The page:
Target Field criticized for busing in out-of-state concessions workers

Twins players line up for opening day.
The Minnesota Twins players line up along the fist base line on Target Field during opening ceremonies of first home game of the 2016 season on April 11.
Judy Griesedieck for MPR News

The Minnesota Twins are being criticized for busing workers in from out of state and putting them up in hotels to work concession jobs at a time when the state is seeing high unemployment rates among people of color.

Delaware North Sportservice, a New York-based company that provides food, beverage and retail at Target Field, is responsible for all the hiring. The company brought in between 65 and 80 of its employees from other venues in Chicago, Milwaukee and Green Bay over the weekend. It spent an estimated $2,500 just to bus people in, according to general manager Peter Spike.

"We want to hire local, that's our number one priority," Spike said. "Unfortunately the applicants are not there."

Neighborhoods Organizing for Change, a local grassroots organization that advocates for underserved communities and people of color, disagrees. NOC released a video from last year of at least 100 potential employees from temporary agencies waiting in the basement of Target Field for hours to find out whether or not they'd work that day.

Executive Director Anthony Newby said the majority were African-American people recruited from north Minneapolis. At a time when the unemployment rate among African Americans is the second highest in the country at 14 percent, he said Delaware North should've contacted them to fill open jobs this year.

"We just found it odd that rather than reaching back to that pool of workers who clearly wanted a job from last year that they were busing workers in," Newby said. "That was a really odd solution to a labor gap."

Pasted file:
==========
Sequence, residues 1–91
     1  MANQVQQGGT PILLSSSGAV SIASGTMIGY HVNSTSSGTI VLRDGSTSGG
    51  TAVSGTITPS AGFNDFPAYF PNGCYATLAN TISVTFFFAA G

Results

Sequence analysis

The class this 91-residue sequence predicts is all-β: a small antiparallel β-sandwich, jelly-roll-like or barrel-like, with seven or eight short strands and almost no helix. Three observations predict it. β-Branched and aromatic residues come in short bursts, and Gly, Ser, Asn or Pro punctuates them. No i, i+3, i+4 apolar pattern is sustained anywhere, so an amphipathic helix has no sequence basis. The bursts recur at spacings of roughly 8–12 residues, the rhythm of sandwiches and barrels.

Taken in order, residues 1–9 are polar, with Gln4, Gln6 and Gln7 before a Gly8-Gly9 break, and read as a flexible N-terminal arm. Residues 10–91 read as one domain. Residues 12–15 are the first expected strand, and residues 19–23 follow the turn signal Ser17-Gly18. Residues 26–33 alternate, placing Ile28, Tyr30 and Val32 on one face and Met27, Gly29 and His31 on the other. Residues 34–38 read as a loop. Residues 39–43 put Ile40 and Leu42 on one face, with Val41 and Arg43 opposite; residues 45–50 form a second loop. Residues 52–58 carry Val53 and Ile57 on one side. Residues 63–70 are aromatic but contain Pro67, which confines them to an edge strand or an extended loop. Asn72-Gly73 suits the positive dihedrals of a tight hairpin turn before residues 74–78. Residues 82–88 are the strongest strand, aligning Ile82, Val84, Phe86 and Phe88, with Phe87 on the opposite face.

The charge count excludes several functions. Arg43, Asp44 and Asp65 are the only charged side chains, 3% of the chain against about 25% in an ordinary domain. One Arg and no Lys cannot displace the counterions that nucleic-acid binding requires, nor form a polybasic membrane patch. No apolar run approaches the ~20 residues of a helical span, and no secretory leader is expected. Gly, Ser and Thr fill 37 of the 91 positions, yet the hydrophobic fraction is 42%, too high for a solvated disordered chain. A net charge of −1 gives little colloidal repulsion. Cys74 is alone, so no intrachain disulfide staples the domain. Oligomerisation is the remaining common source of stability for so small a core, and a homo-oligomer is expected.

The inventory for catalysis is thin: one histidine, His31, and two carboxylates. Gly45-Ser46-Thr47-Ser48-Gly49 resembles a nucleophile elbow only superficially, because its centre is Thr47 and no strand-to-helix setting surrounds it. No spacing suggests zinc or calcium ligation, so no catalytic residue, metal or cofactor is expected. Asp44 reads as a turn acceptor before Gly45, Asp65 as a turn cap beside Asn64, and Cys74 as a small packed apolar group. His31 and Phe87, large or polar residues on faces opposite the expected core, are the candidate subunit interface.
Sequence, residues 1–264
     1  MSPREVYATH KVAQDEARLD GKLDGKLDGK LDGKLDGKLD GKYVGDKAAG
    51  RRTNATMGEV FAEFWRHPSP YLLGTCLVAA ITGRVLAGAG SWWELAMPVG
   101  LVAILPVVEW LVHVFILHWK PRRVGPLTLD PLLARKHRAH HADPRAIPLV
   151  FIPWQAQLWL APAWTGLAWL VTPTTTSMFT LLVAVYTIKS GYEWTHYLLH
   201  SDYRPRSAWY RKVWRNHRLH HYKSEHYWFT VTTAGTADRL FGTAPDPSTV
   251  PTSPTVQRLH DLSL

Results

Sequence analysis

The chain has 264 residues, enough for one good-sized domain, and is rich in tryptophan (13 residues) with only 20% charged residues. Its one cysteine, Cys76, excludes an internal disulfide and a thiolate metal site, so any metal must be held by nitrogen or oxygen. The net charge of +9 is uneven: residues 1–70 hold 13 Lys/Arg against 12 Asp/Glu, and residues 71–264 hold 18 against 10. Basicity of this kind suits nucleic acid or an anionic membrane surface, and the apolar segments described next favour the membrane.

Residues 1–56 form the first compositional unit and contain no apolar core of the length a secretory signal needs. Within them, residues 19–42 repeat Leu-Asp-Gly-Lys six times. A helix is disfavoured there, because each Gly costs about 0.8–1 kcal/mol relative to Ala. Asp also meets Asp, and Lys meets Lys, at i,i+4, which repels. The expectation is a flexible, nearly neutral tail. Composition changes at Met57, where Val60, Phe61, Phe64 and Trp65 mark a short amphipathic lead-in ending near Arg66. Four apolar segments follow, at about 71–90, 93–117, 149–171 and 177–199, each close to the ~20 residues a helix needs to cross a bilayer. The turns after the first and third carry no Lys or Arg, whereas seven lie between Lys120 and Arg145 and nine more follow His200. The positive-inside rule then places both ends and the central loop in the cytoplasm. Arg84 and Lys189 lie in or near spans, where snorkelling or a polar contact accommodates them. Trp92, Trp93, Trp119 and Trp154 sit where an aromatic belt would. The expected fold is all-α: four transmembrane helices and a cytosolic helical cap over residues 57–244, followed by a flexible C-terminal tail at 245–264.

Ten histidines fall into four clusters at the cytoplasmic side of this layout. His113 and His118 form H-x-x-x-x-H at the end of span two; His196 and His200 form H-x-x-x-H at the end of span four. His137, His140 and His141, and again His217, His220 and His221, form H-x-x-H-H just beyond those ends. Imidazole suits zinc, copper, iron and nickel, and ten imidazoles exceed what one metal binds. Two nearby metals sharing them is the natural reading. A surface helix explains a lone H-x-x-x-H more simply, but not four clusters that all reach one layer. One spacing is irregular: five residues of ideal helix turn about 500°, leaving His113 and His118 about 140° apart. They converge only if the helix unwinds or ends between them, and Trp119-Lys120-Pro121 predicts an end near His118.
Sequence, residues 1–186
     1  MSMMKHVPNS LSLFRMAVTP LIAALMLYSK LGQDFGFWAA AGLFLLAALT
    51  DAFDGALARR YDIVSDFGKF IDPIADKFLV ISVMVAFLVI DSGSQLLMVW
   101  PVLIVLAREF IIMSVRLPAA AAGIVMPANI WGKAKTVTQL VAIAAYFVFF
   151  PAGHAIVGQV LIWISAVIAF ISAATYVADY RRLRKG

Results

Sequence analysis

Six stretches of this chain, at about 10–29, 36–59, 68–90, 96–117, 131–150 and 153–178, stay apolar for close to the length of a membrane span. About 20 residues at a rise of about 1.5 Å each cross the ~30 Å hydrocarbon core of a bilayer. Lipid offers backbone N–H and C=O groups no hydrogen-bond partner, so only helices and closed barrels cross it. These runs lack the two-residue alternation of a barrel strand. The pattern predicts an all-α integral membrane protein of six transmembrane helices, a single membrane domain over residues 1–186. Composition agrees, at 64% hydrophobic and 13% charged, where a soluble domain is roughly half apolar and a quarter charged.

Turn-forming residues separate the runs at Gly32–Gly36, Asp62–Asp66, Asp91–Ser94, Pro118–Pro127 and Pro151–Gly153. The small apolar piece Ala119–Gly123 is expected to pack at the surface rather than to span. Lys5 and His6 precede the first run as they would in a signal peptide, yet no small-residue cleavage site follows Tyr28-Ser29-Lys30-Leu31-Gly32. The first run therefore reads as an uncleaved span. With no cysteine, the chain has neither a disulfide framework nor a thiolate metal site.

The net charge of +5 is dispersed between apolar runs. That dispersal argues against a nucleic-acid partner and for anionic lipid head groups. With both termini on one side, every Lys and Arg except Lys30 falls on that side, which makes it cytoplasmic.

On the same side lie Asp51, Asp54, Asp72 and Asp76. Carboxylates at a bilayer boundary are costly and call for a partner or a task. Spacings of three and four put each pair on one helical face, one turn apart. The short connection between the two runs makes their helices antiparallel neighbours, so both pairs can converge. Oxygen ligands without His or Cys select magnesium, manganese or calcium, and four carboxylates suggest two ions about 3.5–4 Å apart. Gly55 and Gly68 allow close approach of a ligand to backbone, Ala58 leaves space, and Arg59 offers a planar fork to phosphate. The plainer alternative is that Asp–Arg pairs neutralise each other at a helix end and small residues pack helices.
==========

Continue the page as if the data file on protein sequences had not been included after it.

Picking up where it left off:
The publicly funded stadium cost more than $500 million to build, and Hennepin County sales tax helped pay for it.

But the practice of importing jobs from neighboring states isn't new, especially as the economy improves and the market gets tighter, said Rep. Pat Garofalo, R-Farmington, who's chair of the Job Growth and Energy Affordability Policy and Finance Committee.

Garofalo knew employers were struggling to fill jobs, but was surprised to hear out of town employees came to Minnesota to work the games.

"It's amazing that businesses are having to go through the extra cost of importing labor from out of state to fill these positions," he said. "It shows how tight the labor market is getting."

Sometimes there is a disconnect between groups who work to help people find jobs and employers looking to fill those jobs. Garofalo says efforts by NOC and some elected officials to get the word out is a step in the right direction.

"Either people aren't aware of the jobs," he said, "or individuals of those skills are lacking."

Employees who came from out of state are on Delaware North's payroll. They're union employees — not temporary workers — represented by Unite Here Local 17. They provide availability and get on the schedule.

"The only reason we would ever go out and look elsewhere for support, is because they've gone through the training that is required if you're an employee of Delaware North to properly take care of the guests from a safety, sanitation, alcohol awareness and guest services standpoint," Spike said.

Two job fairs this Thursday and next week aim to fill 100 to 150 of those union positions at Target Field.

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